Your tracks also contain many talented vocalists. Talk a bit about the collaboration process between you and the vocalist. Are there any specific steps you take when producing and communicating with the vocalist to ensure that your session or idea bouncing is creative and productive?

Most of the vocalists I work with I know in real life. I feel it's much easier to work like that because I am also a songwriter & I can't sing to save my life. Sending demos of me trying to sing my songs is embarrassing. The only vocalist I have worked with that I don't know in person is airospace. I hit him up via Soundcloud after hearing a few of his songs. I gave a rough guide to the meaning behind the song & he just absolutely nailed it. Him & I get along like peas & carrots. I think that is essential in your collaborative process, to be on the same page and have the same views on a lot of things.

A big sticking point for producers is not being able to finish tracks. Do you have any specific techniques that help you get past this?

Just stick at it. The more you practice, the more will come out. A big thing for me when this happened was getting so frustrated you believe that the "big gun boy & girl producers" are hiding some kind of secret ingredient to make their production better than yours. What I learned is that the biggest secret to making music is that there is no secret. There is no special sauce. It's all about the effort & time you put in to create.

What is one piece of advice that you wish you knew when you started out making music?

Don't worry about where anyone else is at. Focus on yourself & who you want to be. Once you realize there is no competition, only then can you create.

What are your go-to effects and processing chains at the moment?

I will only use FL studio's native plugins for processing with a few third party plugins. I'm pretty sure the only third party effect plugin I have is camel crusher & that's a free one. FL studio's Parametric EQ 2 & Maximus are my most used plugins for dynamics. Maximus does all my compression & sidechaining so quickly & easily. Fruity Delay 2 & Fruity Reverb 2 are what I use for time-delay processing.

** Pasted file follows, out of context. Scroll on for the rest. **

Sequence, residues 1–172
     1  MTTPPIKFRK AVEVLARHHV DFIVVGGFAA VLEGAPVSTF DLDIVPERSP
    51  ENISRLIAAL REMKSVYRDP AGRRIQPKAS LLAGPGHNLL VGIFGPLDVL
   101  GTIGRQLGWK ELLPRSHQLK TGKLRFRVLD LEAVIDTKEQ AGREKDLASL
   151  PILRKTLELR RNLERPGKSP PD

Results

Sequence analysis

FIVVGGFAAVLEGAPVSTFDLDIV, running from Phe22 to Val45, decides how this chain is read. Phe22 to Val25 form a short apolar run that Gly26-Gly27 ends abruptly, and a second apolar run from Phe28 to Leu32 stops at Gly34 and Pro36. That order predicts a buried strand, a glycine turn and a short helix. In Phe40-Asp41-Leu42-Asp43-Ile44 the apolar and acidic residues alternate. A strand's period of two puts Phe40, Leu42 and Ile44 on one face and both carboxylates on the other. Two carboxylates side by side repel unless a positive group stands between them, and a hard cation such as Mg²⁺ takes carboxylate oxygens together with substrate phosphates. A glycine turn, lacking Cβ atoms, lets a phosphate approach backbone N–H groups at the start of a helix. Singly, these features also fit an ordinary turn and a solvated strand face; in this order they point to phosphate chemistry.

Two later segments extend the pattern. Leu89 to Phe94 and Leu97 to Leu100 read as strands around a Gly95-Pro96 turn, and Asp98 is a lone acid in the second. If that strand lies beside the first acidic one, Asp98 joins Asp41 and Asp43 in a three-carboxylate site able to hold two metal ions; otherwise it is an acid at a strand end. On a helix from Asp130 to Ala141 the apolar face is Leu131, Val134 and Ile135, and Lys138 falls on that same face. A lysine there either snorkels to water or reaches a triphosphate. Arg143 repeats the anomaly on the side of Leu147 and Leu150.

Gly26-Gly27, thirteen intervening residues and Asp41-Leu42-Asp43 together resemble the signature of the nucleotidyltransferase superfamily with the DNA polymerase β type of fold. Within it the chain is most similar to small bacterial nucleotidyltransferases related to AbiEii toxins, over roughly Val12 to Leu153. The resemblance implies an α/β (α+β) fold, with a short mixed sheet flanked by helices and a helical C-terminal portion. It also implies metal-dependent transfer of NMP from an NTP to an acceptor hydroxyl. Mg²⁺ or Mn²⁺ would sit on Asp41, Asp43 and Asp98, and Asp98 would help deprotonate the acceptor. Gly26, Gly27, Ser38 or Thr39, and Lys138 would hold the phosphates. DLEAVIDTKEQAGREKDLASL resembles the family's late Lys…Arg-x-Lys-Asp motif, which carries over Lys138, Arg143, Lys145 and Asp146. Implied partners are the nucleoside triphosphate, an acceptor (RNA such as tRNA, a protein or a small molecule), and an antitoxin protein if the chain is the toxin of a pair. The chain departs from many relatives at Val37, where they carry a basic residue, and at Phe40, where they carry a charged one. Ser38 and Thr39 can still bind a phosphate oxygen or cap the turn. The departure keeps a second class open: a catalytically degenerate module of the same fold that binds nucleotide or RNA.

"Don't worry about where anyone else is at. Focus on yourself & who you want to be. Once you realize there is no competition, only then can you create." Camikaze

Arranging tracks is another sticking point. Producers get stuck in that 8 bar loop and can’t seem to break out of it. What are your techniques for expanding your ideas out into a full arrangement.

Depending on what kind of music you are trying to create, research that style. In my early days I would grab other tracks from people I liked and copy their song arrangement to get my head around how it is done. Once you get an understanding of it, try it from scratch yourself. Like I said before, It's going to take some time. You learn for yourself & it becomes second nature.

Your drum programming fits your synth heavy tracks very well. They provide just the right amount of energy. How do you go about choosing your drum samples and programming them?

Most of my drum samples have been gathered up over years of making music. I made a lot of tom drum samples myself on my friend's drum kit a few years back. Freesound.org is also a fantastic source for free samples. I have a rough idea prior to production of how I want it to sound & I know my sample library very well so it's easy for me to find what I want. I love making my drums off-beat & imperfect to achieve a more organic sound. Quite often it's just an explosion of emotion, which is best showcased in "An Evening Paradigm".

With nothing but killer productions on your soundcloud, you must have something exciting lined up for the future. Anything exiting coming up?

I do I do I do & I'm very excited! I've been working on my live show for quite a while now, It's very close to completion. I also have a new single coming out very soon so keep your eyes & ears close by.